Summary: Kraton is the 800-pound gorilla in the very tight styrenic block copolymer (SBC) market, with a 60% global market share in the highest-margin segment. KRA emerged from a painful reorganization having transformed from the prime victim of rising butadiene prices to the prime beneficiary, and the Street is just beginning to appreciate this foundational shift. KRA shares are cheap even on understated Street expectations, which KRA should handily beat.

    Key Points

    Key Risks:

    Company Description

    Kraton Performance Polymers is the world's largest producer of styrenic block copolymers (SBC). SBCs are used to provide greater flexability/elasticity for a wide range or products: Adhesives, coatings and sealants  comprise 32% of sales; advanced materials 31%; paving and roofing 26%; and emerging new businesses (11%). KRA has 760 customers worldwide, with the top 10 customers comprising ~25% of sales and have been customers for more than two decades.

    Brief But Relevant History

    Kraton invented the SBC industry in the 1950s when it was the elastometers division of Shell. Shell sold the business in 2001 to Ripplewood Holdings, which in turn sold it to TPG and JP Morgan in 2003. The company went public in December 2009. KRA suffered for a long time with a 'volume first' strategy - trying to sell as much as it could at all times with no surcharges for fluctuations in its pricing. The failure of this strategy - akin to steel companies from 1970-2000 - came to a head in 2006-2008, when KRA nearly went bankrupt despite selling a record amount of SBCs.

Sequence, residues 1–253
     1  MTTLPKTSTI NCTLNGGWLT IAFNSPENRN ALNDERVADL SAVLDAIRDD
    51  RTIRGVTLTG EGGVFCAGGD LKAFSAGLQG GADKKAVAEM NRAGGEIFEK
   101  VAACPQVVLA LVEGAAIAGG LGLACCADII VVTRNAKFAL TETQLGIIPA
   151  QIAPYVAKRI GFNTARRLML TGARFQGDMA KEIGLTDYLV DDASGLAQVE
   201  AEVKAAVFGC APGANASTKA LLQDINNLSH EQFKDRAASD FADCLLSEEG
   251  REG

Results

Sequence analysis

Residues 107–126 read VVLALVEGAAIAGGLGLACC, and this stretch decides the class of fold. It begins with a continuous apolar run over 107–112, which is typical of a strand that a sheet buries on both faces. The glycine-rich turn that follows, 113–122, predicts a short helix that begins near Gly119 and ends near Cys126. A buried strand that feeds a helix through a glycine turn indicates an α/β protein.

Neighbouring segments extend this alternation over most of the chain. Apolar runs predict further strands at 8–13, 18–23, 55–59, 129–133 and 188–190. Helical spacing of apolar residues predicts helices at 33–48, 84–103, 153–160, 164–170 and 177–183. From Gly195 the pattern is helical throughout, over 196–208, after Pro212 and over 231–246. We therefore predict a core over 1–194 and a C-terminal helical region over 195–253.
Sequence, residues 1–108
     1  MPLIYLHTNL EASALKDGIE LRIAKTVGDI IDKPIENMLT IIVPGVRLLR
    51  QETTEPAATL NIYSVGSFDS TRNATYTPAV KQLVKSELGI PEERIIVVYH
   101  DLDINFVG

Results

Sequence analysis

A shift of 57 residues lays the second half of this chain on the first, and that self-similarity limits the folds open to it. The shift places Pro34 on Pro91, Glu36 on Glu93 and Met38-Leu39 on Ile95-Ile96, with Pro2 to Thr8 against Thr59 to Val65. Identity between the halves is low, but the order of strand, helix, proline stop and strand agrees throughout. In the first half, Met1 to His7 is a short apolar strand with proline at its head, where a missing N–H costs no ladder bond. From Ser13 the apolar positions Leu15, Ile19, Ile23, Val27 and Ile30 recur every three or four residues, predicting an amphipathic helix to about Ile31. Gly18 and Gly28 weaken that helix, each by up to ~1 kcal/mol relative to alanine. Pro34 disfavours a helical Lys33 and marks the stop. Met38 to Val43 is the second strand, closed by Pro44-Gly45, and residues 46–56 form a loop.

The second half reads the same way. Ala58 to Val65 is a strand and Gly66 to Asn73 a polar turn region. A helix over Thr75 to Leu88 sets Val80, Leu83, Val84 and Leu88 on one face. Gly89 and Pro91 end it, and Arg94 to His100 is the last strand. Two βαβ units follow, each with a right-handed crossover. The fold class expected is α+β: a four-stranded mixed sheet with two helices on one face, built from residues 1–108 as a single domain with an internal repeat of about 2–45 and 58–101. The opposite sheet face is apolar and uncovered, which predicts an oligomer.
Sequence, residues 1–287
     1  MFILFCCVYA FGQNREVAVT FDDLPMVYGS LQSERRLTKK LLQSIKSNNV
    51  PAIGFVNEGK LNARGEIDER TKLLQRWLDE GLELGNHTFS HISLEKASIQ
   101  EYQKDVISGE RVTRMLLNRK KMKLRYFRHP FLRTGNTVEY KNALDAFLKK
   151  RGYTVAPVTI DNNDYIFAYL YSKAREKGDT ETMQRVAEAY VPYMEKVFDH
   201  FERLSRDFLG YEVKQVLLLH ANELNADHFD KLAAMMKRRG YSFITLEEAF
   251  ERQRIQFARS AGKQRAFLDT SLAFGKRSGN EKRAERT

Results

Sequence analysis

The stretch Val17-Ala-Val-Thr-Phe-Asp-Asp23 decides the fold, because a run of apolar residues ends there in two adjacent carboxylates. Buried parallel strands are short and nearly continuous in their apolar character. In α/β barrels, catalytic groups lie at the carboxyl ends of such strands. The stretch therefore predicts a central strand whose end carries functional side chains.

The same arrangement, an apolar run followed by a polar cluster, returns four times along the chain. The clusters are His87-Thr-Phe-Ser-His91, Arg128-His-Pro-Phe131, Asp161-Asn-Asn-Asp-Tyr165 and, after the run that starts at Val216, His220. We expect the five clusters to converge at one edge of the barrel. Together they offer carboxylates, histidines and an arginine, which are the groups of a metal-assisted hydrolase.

Kevin Fogarty, now CEO, came up the 'Price Right' strategy: he realized one-third of product lines were perpetual money-losers. KRA instituted a one-time above market price increase, with near-constant surcharges for additional increases in COGS. Since in place, KRA has successfully implemented 42 prices increases over the past 18 months - and has not once had to step back prices. SAP implementation tracks customer by customer pricing for 200 grades and 4,400 SKUs. These changes give KRA considerable pricing power. If competitors are able to compete and lower prices, KRA will exit the business because it wants only high-margin business.

    Pricing over volumes

    The company appears comfortable with gradually ramping up volumes while maintaining a tight market. However, these assumptions could prove conservative given the two quarter tsunami-related disruption in production at Kurary, its largest competitor in the higher-margin HSBC market.

    SEGMENT ANALYSIS

    2006

    2007

    2008

    2009

    2010

    2011

    2012

     

     

     

     

     

     

     

     

     

     

     

    Volumes

    351

    358

    313

    260

    307

    337

    337

     

     

    volume growth y-y

     

    1.7%

    (12.4%)

    (16.8%)

    17.9%

    9.7%

    0.0%

     

    Average selling price per ton

    2,890

    2,981

    3,741

    3,535

    4,001

    4,380

    4,600

     

     

    price change y-y

     

    3.1%

    25.5%

    (5.5%)

    13.2%

    9.5%

    5.0%

     

    Production capacity

    434

    454

    436

    454

    421

    421

    421

     

    Capacity utilization

    81.0%

    78.8%

    71.8%

    57.3%

    72.9%

    80.0%

    80.0%

     Business/Segments

    KRA has four reporting segments: